2. Provide information to allow binding of events between the adaptive interface and the standard interface for important features.
    3. Tag important features with common roles (such as open, next etc.). This will be mapped to standards instructions at the user end. The author will not need to provide instruction for common features.

    Note that The same content could be used (via different adaptive interfaces) by may more types of users, such as people with extreme language disabilities, who function much better with symbols rather than words.


    Appendix 2: Making abstract guidelines.

    There may be value in making the specifications abstract and ontology based. This may enable adaptive interfaces, evolvibility and actually make the specification itself evolvable.

    One way would be to make abstract case and allow real user profile to fill in the specifics. This may work if we identify what determines both perceived and real issues of complexity that effect barriers to entry in communication, transfer of concepts and usability for any given user persona or group. These relationships could be generalized to apply to any object and any user. You could think of these relationships as a formula where the variables can be filled in so that they refer to real technologies and users.

    For example, an important factor is the extent that a user understands any metaphors used by the technology. A piece of content may be explaining a concept. To aid user understanding it uses the analogy or form of an avatar game as a metaphor. The intent is that the user will find it easier to understand the concepts when paralleled to an avatar game. However, if the user is not familiar with this type of game, then the content has become much more complex because of the metaphor. Hence the familiarity of the user with the metaphor is a key issue for usability. On the other hand what metaphors the audience is familiar with, and what metaphors are used in an objects are real and usable characteristic that can be applied. Another metaphor example could be the interface, for example, making web links look like a dial or a button.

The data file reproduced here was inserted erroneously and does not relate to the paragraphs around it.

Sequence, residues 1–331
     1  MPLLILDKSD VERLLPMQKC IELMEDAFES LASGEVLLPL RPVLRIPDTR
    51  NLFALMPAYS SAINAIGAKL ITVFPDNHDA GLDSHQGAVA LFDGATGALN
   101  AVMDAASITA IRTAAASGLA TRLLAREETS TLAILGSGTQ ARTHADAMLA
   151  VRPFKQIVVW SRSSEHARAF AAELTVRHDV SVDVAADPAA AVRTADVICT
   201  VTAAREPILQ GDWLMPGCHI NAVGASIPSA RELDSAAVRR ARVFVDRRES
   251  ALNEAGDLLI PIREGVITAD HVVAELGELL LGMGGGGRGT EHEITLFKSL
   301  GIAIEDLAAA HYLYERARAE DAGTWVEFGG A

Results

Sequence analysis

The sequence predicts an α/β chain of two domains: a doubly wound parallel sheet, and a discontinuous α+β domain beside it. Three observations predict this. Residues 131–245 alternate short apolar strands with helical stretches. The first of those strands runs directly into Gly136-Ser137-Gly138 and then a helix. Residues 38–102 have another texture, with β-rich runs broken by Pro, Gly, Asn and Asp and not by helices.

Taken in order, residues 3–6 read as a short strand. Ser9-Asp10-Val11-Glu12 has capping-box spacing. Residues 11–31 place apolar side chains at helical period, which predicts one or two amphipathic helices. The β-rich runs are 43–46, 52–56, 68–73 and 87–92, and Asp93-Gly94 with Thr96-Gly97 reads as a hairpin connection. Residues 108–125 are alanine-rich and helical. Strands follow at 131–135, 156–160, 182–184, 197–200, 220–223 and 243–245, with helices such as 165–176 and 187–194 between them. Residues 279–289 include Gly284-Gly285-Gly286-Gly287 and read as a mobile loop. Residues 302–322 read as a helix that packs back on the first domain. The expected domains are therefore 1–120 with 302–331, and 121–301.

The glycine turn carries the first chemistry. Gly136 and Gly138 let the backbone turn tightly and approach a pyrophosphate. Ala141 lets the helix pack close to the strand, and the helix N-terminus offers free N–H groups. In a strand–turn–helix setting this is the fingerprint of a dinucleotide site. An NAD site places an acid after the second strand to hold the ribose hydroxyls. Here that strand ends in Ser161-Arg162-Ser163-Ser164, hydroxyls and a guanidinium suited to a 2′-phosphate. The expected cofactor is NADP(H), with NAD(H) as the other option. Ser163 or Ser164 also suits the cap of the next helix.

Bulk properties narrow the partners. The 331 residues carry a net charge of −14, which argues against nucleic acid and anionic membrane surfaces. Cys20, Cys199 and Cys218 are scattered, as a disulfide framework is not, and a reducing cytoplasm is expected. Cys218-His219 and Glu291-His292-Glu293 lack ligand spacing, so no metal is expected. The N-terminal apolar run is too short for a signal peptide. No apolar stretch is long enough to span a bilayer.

These issues could be directly compatible to creating guidelines, that apply the abstract to create practical instruction for a given user group. So for example, if instructed to include users in the aging community with significant short term memory decline over the last 5 years- the applied guideline could be: Avoid metaphors and interfaces analogies that were not common 5 years ago.

    Protocols such as The Resource Description Framework (RDF) with open source inference en&gins may help this be practical.


    [1] http://ncdae.org/resources/articles/cognitive/
    [2] http://dev.opera.com/articles/view/cognitive-disability-learning-difficulty/
    [3] http://lists.w3.org/Archives/Public/w3c-wai-gl/2006AprJun/0368.html
    [4] http://dev.opera.com/articles/view/cognitive-disability-learning-difficulty/
    [5] http://www.w3.org/2011/11/indie-ui-charter
    [i] http://www.alzheimers.org.uk/site/scripts/documents_info.php?documentID=412